Thursday, 31 January 2019

LBJ in Thailand

It's always exciting finding something bright and colorful (don't worry, more on that in my next post...), however it's great when you find something uncommon, or rarely seen that you have to work on an ID for, such as an overwintering warbler.... Skip back to last week when I was in the north of Thailand.

Kicking round the rice paddies I heard a contact call - not unlike the contact call of plenty of non-breeding warblers and chats you hear out here in Thailand. But something just seemed a bit unusual about this one. A bit of pishing revealed an Acrocephalus warbler and I immediately knew it was something decent. It clearly wasn't Oriental Reed Warbler or Black-browed Reed Warbler (the two commonest members of the family in Thailand) which then left a handful of possibilities (some fairly straightforward to rule out) - Clamorous Reed Warbler, Blyth's Reed Warbler, Paddyfield Warbler, Manchurian (White-browed) Reed Warbler, Large-billed Reed Warbler, or Blunt-winged Warbler.

What was clear was that we needed to see the bird well, preferably get some photographs and then try and work out what it was. It was dusk and the sun was disappearing so time was of the essence, we had about 10 minutes of light left. With a bit of luck we were able to pish the bird into the open and got some photos before it got dark.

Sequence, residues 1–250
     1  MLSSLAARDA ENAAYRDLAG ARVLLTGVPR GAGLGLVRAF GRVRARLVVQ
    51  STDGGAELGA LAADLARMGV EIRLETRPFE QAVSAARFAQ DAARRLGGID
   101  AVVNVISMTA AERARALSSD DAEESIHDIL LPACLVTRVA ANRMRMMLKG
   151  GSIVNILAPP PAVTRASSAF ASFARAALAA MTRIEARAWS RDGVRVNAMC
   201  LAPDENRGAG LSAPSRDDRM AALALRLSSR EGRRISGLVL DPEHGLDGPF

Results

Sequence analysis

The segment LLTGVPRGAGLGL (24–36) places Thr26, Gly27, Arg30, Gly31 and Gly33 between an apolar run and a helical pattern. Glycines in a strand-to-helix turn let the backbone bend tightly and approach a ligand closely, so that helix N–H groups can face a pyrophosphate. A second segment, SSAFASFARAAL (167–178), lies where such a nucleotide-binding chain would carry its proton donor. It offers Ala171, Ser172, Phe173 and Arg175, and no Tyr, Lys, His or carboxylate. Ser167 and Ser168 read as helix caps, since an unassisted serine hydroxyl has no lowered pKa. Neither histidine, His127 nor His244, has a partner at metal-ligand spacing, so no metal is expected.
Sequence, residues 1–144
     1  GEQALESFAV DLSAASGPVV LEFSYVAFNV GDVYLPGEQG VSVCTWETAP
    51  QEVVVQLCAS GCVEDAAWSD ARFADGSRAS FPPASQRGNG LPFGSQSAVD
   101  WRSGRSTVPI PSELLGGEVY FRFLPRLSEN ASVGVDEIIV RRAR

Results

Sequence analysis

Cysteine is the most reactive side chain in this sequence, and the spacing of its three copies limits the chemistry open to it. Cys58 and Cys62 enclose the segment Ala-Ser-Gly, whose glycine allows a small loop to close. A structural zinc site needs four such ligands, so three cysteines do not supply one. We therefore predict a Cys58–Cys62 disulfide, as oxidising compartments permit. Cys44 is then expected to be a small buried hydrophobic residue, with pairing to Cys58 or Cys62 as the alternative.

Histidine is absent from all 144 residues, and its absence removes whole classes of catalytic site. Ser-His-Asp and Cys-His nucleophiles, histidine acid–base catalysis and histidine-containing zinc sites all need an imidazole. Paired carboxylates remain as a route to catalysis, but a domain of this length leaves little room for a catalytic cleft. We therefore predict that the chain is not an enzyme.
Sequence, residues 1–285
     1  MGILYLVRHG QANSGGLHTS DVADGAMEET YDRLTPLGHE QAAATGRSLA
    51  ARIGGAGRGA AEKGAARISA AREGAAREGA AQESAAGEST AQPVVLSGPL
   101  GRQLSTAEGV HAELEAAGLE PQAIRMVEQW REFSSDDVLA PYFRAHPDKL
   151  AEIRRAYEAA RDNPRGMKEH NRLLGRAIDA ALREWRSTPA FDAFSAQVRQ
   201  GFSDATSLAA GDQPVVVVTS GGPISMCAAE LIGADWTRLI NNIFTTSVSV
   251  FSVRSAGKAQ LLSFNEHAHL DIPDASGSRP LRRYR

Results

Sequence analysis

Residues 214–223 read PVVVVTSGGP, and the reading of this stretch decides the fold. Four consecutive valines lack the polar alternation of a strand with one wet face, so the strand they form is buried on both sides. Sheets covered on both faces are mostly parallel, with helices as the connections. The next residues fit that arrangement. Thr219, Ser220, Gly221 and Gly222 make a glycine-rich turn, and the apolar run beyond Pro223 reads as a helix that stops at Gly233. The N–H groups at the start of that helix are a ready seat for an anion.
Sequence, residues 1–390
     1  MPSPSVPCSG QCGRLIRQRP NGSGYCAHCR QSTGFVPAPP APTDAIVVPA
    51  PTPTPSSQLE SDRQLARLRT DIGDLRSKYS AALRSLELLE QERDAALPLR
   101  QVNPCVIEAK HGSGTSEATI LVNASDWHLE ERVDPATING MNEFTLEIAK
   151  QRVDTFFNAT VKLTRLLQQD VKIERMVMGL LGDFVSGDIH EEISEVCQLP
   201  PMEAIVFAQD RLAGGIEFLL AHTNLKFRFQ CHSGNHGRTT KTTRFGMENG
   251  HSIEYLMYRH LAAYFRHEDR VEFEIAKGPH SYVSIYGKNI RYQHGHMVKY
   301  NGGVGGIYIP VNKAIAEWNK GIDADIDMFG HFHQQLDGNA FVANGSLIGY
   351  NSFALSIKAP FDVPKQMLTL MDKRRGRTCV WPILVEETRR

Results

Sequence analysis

The first pic we got of the mystery Acrocephalus warbler

It wasn't going to be straightforward to ID the bird so once we hit the restaurant for dinner we started looking through the information we could get - a great website article on the "The Acrocephalus Issue (in Thailand)" ( and lots of help from my ringing/banding/birding mates back in the UK and New Zealand (thanks Tim, Ollie, and Matt!) we started reading through the details to see if the photos had captured enough to confirm the species ID one way or the other! 

Luckily, one of the photos we got enabled us to see the all important wing structure/wing formula. So we started carefully reading the literature and came to the conclusion that our bird was Blunt-winged Warbler. I've annotated my friend Bills photo to show the key features we believe confirms this bird as such. Blunt-winged Warbler is considered an uncommon winter visitor to Thailand. In fact there were few records on ebird for the species in Thailand, and no photos, so we added our sighting and pictures there. 

Blunt-winged Warbler - key features for ID